So this evening I came home from my small group bible study feeling very frustrated and a little annoyed. I have this problem with not being able to help myself from saying when I disagree with something. This does not work well in my bible study where one member frequently tells the rest of us what is right.
I have a big problem with these absolutes, often because I don't necessarily agree with them, but sometimes even when I do agree, I feel that they AREN'T absolutes, but merely his interpretation of what is being read. At what point does a verse in the bible go from an absolute truth from an interpretation? Yes, the part about Jesus dying to pay for our sins... that would be an absolute. But when he says, "it is finished" before he dies on the cross... I thought that was a phrase of the time used to describe a payment in full, thus his death for our debt. Tonight I was told that this phrase "it is finished" has to do with God's plan for us being laid out in entirety.
Ughh. Not that I necessarily want to debate what this phrase specifically means, but I am annoyed that my bible study has become this place where somebody feels they understand exactly what these passages all say, and that I must be wrong. (or whoever disagrees with this person, though nobody else voices any disagreement.) This is the bigger issue. The above was simply a "for instance" from this evening. There have also been other "absolutes" about word meaning and other things that I find trivial to the purpose of our bible study.
Also, being the reading teacher that I am (and being married to Scott) I totally believe that there is a transactional process that occurs between any passage and a reader. This occurring with the Bible as well. I think that maybe one of the major disagreements between me and him (other person) is that it doesn't seem that he can entertain the idea of multiple interpretations of the same passage. Though I think there needs to be a point in which some truths are inarguable. But again, what is that point? What is left for the Holy Spirit to intercede and apply as needed? I don't know.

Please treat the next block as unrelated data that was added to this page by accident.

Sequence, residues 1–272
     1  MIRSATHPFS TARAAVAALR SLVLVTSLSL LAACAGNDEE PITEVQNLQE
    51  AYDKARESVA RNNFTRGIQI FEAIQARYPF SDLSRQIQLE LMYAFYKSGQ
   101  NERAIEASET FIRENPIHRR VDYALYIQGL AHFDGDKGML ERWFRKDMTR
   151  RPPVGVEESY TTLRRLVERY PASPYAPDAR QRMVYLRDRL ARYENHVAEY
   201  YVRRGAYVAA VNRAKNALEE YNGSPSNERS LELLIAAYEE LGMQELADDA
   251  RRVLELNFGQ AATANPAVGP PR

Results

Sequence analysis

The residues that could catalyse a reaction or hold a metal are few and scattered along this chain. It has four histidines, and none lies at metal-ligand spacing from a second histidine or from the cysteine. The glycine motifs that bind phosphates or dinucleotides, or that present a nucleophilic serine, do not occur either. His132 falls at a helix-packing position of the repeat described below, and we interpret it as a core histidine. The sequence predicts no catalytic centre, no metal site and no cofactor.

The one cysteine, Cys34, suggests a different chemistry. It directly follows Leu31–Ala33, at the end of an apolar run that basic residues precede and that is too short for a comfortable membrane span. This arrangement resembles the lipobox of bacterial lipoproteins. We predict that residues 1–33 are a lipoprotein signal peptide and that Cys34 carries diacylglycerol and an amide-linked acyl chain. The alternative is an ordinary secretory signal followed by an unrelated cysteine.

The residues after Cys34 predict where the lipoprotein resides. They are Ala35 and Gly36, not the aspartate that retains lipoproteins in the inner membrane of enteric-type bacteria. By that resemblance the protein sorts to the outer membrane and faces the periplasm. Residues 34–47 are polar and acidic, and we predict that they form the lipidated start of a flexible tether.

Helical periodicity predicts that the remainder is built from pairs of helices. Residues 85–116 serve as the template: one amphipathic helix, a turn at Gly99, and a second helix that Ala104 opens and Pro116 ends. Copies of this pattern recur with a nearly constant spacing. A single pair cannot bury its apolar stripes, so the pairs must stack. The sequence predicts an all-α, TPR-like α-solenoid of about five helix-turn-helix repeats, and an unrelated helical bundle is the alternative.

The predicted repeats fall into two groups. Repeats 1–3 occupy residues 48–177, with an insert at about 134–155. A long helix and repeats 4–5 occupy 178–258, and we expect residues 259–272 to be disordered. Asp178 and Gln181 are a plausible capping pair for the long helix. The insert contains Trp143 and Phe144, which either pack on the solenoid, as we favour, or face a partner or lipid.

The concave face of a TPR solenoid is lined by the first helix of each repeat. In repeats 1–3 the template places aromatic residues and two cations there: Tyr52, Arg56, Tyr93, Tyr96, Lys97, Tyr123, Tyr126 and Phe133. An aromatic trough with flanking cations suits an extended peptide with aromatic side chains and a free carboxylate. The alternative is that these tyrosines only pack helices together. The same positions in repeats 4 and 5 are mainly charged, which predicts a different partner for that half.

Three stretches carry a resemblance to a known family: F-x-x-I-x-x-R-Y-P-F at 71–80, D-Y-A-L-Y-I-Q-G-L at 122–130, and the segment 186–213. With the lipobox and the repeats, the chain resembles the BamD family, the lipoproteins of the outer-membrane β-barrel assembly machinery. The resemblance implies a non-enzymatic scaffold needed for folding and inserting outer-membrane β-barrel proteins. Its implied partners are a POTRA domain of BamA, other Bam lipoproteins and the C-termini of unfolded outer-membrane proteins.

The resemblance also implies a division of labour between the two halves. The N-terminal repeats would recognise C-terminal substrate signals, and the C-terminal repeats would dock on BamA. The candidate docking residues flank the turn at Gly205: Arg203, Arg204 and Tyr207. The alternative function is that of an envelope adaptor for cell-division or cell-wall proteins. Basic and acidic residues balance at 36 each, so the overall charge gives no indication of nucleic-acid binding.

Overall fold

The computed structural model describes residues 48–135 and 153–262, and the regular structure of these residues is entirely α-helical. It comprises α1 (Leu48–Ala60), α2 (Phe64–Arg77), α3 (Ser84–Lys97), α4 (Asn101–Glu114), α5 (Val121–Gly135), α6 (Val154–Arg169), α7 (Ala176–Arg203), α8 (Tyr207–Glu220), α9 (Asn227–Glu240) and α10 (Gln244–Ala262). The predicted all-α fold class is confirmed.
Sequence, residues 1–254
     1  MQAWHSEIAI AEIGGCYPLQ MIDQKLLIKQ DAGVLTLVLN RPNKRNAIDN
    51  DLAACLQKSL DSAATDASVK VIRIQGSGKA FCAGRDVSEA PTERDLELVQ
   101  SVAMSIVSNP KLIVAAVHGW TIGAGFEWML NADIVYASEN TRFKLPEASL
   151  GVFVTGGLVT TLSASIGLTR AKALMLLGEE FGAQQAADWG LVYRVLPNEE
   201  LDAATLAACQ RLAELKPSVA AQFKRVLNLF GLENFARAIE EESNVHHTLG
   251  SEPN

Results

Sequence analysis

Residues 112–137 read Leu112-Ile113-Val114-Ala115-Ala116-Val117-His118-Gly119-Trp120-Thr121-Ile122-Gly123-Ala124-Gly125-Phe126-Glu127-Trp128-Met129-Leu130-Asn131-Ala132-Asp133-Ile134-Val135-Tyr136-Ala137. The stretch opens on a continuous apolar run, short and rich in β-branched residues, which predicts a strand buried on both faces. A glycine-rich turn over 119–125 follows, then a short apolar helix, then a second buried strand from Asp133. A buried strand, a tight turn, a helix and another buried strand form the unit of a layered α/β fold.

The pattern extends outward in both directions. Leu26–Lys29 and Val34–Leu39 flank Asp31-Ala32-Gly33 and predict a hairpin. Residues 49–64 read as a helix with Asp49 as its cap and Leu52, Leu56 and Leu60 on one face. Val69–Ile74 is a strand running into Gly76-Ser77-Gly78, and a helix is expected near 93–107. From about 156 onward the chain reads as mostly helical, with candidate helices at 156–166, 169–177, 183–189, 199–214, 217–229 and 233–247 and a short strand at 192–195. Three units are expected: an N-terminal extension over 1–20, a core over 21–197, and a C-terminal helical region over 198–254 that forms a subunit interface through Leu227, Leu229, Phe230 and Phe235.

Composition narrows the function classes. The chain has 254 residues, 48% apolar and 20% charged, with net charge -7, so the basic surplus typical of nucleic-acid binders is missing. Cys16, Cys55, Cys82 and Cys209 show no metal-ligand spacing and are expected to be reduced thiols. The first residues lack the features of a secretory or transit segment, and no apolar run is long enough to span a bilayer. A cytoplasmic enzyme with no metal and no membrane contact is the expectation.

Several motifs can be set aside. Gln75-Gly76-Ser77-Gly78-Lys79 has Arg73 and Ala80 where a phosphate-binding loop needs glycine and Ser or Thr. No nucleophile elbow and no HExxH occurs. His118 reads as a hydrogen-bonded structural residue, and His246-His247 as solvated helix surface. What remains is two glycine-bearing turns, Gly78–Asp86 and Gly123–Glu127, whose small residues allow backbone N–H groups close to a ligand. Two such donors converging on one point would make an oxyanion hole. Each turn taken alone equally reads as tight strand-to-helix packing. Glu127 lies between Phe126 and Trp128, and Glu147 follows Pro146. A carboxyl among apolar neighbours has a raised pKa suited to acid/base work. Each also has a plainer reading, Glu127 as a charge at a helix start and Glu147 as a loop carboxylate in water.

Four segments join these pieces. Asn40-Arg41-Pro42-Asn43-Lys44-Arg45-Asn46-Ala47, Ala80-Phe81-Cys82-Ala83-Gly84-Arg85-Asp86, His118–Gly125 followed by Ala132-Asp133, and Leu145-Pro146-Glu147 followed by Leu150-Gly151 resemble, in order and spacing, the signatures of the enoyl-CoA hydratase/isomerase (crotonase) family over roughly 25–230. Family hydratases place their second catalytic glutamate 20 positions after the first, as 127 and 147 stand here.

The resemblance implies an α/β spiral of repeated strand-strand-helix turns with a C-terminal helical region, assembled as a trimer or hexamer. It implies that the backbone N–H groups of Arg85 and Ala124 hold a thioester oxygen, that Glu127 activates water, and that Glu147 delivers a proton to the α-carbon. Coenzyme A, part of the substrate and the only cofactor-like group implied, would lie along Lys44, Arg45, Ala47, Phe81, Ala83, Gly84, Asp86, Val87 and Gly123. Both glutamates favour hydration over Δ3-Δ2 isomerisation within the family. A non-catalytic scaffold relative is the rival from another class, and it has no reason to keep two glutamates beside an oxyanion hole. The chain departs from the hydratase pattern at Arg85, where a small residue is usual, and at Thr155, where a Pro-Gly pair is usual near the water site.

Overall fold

And finally, the big question: What do I do next? I really would like to take the easy road and just excuse myself from attendance, and find one of the many other studies in my church to attend. But I don't think this is exactly the right solution, at least not without some sort of explanation of why I won't be coming anymore. I do know that it isn't a good idea for me to go next week because I don't like the way that I feel about what is said, and I leave feeling frustrated. And I know that it won't work to sit back and absorb, never contributing to the conversation in case it means disagreeing, or simply asking a questions for clarification.
I can't believe how much I am bugged by this.
Suggestions? Ideas about what is an absolute, and what is left for question? Or maybe there is a right and wrong to every passage, and I just need to figure them out one at a time? Thoughts?